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Taxis, Busses & Rocketships: Harnessing Responsibilities to Build the Brain

by Lyn Waldeck

Recently I ran across a study from 2006 that presented what was labeled as “new” and exciting findings. Let me start by explaining why I placed the word “new” in quotations. I began as a parent on program and quickly moved into being a volunteer and then on to being a staff member. Early in my staff days one part of my job description was to speak at events on neuroplasticity. That was in 1992. To some of you who may not have even been born yet, that sounds ancient. Ancient until I point out that my information was coming directly from Bob Doman, who was teaching the same thing when he began NACD in 1976. To provide a little more perspective, his beginnings of this understanding started in his childhood, accompanying his father in the 1950s who had already spent several decades beginning the path of study which is now called neuroplasticity. In fact, when I forwarded the study to Bob without explaining my thoughts for application, his response was “so what is so new about this understanding?” Modern science, with all its ways to measure the brain, is now catching up with the idea that the brain does in fact develop and change based on input. The missing link is in understanding how to harness that understanding to CREATE change, rather than just crank out new studies to prove that brains are different based on the sum of the whole person and their life experiences.

In the study that I mentioned above, a small sampling of MRIs were done, half of which were on bus drivers and half of which were on taxi drivers. The findings showed that there were variations in the growth of the hippocampus between the two sets of participants. The hippocampus is an area of the brain understood to hold short-term memories and transfer them to long-term storage in our brains. The bus drivers were better at certain skills, whereas the taxi drivers were better at others. This is exactly as we at NACD would expect after decades in this field. 

The question would be how to harness the strengths of both sets when working with your children. The easiest part of the solution comes in terms of the bus drivers. On program you have a very defined list of specific and effective activities that have been tried and true, and are in constant stages of refinement, that need to be done consistently with the right frequency, intensity, and duration. We know that to build function, we need input that builds pathways to success—in essence, your program. Whether that is a processing activity, a speech activity, or a mobility exercise, you build the brain via that input. What can be more of a challenge is in how to effectively develop the advantages of those taxi drivers because that part of the day needs to be much more dynamic.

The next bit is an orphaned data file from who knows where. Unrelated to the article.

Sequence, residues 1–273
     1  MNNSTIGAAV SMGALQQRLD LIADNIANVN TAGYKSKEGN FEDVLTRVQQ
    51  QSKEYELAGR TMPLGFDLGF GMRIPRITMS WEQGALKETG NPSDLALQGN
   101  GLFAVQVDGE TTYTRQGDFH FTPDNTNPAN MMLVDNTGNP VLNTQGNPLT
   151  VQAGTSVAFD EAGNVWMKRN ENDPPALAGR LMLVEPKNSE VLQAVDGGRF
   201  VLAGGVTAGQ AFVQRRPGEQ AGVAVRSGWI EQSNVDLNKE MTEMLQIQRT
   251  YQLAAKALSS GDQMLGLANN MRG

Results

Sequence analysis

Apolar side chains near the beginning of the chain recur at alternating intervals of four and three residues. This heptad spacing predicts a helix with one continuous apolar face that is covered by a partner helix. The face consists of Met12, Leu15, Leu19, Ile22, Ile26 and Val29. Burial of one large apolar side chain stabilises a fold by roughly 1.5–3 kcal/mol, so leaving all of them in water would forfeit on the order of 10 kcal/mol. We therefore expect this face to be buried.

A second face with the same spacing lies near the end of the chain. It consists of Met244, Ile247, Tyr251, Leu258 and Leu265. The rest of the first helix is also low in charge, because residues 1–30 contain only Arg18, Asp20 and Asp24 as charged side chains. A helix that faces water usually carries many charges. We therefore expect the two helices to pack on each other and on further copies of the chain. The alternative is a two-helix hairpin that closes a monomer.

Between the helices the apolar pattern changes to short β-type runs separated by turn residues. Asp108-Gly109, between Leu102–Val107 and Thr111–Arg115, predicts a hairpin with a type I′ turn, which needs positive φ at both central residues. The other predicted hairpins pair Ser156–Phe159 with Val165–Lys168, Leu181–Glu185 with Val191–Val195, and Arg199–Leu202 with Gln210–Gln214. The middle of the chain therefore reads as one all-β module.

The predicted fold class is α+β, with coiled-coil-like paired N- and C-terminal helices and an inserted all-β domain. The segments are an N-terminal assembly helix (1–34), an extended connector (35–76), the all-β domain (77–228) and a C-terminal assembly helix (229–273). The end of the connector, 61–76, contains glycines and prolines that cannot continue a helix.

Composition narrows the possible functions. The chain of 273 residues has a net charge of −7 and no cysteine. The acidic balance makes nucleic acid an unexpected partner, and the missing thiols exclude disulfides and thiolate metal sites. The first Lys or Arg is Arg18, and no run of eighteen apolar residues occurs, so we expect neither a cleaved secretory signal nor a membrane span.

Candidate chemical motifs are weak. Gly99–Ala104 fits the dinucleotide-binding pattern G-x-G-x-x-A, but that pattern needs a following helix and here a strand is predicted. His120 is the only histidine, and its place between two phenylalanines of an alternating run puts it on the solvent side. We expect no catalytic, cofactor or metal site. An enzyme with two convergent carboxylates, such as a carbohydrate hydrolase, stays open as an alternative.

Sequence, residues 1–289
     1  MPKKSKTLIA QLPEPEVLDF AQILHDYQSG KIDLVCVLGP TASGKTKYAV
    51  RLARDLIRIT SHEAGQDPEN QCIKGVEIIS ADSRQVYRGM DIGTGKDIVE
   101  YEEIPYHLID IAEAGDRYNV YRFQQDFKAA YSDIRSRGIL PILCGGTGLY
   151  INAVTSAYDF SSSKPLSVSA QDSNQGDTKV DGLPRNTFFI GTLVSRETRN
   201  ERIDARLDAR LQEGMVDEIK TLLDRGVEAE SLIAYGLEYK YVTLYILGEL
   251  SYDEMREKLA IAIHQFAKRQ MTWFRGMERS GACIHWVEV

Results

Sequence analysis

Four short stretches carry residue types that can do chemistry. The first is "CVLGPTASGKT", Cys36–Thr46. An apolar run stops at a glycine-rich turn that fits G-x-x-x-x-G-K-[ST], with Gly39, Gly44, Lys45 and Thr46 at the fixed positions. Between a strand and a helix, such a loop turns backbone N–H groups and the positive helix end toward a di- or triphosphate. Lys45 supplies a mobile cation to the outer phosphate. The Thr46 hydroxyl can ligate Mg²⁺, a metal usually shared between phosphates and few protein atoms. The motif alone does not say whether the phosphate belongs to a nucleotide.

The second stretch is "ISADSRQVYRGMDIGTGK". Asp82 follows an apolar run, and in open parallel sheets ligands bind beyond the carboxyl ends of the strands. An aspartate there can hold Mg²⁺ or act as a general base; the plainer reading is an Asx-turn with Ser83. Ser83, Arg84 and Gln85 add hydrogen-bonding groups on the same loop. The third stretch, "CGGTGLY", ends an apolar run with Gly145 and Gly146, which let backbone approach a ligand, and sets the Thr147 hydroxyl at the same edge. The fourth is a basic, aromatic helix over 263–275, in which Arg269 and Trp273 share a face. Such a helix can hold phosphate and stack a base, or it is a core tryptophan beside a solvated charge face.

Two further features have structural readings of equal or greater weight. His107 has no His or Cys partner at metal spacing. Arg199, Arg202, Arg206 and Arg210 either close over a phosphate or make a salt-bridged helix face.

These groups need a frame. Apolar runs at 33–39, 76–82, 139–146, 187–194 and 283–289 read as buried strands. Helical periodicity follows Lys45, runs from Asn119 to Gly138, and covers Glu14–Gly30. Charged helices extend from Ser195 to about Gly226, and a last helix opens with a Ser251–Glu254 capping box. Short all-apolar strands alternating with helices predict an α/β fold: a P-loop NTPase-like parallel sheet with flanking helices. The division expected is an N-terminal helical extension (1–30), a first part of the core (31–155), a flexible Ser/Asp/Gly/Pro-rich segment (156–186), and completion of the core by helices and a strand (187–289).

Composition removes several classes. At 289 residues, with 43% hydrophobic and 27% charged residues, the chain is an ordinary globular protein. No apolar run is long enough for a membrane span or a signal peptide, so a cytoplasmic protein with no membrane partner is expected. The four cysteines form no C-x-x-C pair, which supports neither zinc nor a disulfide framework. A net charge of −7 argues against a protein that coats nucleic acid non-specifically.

A good amount of the time we spend in evaluations is often dedicated to talking with parents about chores and responsibilities. Here is where we have the opportunity to work on a whole additional layer of development and therefore function. We believe strongly in conveying to our parents the importance of executive function. According to the Center of Developing Child at Harvard University: “Executive function and self-regulation skills are the mental processes that enable us to plan, focus attention, remember instructions, and juggle multiple tasks successfully.” At NACD, we understand the importance of using our working memory activities alongside developing responsibilities, life experiences, and general knowledge to therefore achieve goals of efficient executive function. 

So, back to those chores, let’s think again in terms of the buses and taxi cabs. The bus is the easy ride. We start with everyday tasks like brushing teeth, emptying the dishwasher, putting away laundry, making the bed, etc. These, along with others, are the everyday components that need to be taught and then expected. Now let’s think in terms of the taxi cab. How many of you have thought to teach your child to change out the filter in the air conditioner, or to fix a running toilet, or to change a tire? Often this gets missed or just delayed. What about creating a child who notices what needs to be done, has the skill set to do it, and just takes care of it without prompts, reminders, or threats?

I often see parents start off in the right direction by teaching those initial bus driving chores. However, when this stalls out what happens is that the child can then eventually do these things in auto-pilot. The danger zone in auto-pilot is that the child can basically spend that time achieving a task while totally checking out. Being present is an important component to developing, being attentive and alert. Think of your own routines that you do not have to really think about. Right now as I type out the article, I might think, “Did I empty the dishwasher this morning?” Odds are pretty good I did, I do it every morning, but at this moment I don’t necessarily remember anything about doing it. Compare that to my son who right now is outside working on changing the oil in his car. If I ask him later, he will very easily remember what he did at the time. Why would he remember he changed his oil and I won’t remember if I unloaded the dishwasher? I was driving a bus, he was navigating a taxi. With your children, think of the difference between cleaning off a table and cooking the meal that went on it.

As you proceed forward in the wonderful journey of parenting, keep in mind: focus on both the bus and the taxi. Who knows, some day you may end up with an astronaut.

Reprinted by permission of The NACD Foundation, Volume 37 No. 3 , 2024 ©NACD

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